One good thing about LVT is that if no one could get a rebate due to low income is that it would encourage people who don't work to leave places which are expensive.
Which would be good for people who do work in those areas.

Mark Wadsworth said...

In the second graph, the axes aren't very clear.

I assume that horizontal is increases in income and vertical is changes in housing stock per person?

It would be easier to read if you had changes in housing stock on the horizontal axis, same as the first one.

Either way, these inter-country comparisons are largely meaningless. We know perfectly well why UK rents and house prices shot up 1990 - 2015, it's because they abolished Georgism Lite which had kept them low until 1990.

Also, Japan land prices were at all time super bubble highs in 1990, so from there on was always going to be downhill. The USA is a game of two halves - massive land price increases on east and west coasts, flat or declining elsewhere. Germany has always had lower interest rates than other countries, so falling interest rates will have less impact on prices there.

And so on, I'm sure we could find a country specific factor in each case that has little to do with 'supply'.

Mark Wadsworth said...

L, in defence of town planners, I did a talk at the Royal Town Planning Institute and it is clear that when they are looking at larger projects, foremost on their minds is how to chisel as much money out of the development as possible (planning fees, roof taxes, whatever). That would all be much easier with LVT.

Mark Wadsworth said...

LF, you or I would see that as an argument in favour of LVT, but the socialists would see it as an argument against and the Homeys will play the Poor Widow In A Mansion card again.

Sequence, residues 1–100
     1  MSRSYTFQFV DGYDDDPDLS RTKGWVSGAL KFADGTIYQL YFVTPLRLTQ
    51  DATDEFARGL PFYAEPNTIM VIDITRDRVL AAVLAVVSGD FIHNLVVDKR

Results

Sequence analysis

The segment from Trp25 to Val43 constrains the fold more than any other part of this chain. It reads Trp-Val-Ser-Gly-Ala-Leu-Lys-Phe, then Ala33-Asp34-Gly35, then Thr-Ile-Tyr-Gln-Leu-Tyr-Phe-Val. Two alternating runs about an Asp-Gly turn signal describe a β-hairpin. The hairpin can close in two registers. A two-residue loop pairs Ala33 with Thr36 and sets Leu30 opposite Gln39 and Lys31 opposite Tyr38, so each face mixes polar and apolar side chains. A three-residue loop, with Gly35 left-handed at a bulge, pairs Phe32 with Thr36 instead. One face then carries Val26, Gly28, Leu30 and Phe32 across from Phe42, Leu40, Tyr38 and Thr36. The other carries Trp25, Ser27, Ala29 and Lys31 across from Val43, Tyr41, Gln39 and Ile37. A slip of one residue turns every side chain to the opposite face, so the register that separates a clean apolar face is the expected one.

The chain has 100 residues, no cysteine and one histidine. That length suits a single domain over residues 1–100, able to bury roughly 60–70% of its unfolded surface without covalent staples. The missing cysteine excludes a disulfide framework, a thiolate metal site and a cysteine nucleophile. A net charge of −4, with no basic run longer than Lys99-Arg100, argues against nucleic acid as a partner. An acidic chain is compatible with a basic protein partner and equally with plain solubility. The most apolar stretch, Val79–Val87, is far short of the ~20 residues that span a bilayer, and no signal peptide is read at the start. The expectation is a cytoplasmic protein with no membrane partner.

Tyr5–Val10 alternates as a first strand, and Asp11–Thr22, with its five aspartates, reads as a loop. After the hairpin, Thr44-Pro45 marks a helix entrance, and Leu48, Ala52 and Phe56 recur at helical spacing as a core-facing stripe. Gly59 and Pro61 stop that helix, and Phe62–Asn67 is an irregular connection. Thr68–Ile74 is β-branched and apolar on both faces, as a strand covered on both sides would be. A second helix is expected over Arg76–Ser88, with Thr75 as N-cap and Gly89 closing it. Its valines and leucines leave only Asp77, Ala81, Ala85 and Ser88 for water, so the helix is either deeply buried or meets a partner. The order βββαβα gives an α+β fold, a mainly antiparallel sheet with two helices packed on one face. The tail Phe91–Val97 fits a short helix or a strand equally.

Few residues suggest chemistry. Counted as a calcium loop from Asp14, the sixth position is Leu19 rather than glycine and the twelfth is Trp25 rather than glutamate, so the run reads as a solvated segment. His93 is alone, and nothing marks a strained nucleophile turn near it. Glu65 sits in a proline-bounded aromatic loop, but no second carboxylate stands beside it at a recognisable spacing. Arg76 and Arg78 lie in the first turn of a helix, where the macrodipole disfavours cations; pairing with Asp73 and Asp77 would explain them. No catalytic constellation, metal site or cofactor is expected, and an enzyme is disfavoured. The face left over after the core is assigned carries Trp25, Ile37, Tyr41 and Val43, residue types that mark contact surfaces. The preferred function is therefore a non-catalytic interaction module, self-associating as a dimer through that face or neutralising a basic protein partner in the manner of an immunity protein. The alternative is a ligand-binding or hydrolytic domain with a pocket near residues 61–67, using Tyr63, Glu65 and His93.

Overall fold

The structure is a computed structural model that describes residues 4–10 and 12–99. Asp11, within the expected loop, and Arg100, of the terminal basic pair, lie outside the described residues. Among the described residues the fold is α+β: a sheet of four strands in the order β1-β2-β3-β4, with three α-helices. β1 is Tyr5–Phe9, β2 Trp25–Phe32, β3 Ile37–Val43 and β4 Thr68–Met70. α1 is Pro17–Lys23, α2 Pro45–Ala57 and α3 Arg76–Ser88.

Lola said...

MW. Oh agreed. But there are 'planners' in planning offices who are (a) frustrated architects who think that they are the arbiters of design, (b) keen to impose Social Justice on developers/builders (c) love using their coloured pencils to create nice pretty maps with 'zones' (d) have particular prejudices with certain developers (e) all of the above and also let other personal prejudices get in the way of objective and dispassionate application of the rules. I have experienced most of them.

mombers said...

Anything to do with the huge inefficiencies that building homes in the 'wrong' places has? People move to exurbs to get 'on the ladder', facing longer commutes and/or taking lower paid jobs in less productive localities. I think David Blanchflower did a study on homeownership rates vs employment. Definite negative correlation

Ralph Musgrave said...

Does this "cutting input costs has no effect on sale prices" theory apply elsewhere? E.g.: a drop in the price of steel has no effect on the sale price of new cars?

Mark Wadsworth said...

RM, reducing build costs clearly reduces the cost of building. But the price/value of the finished package land plus building is fixed by other factors.

Bayard said...

"We know perfectly well why UK rents and house prices shot up 1990 - 2015, it's because they abolished Georgism Lite which had kept them low until 1990."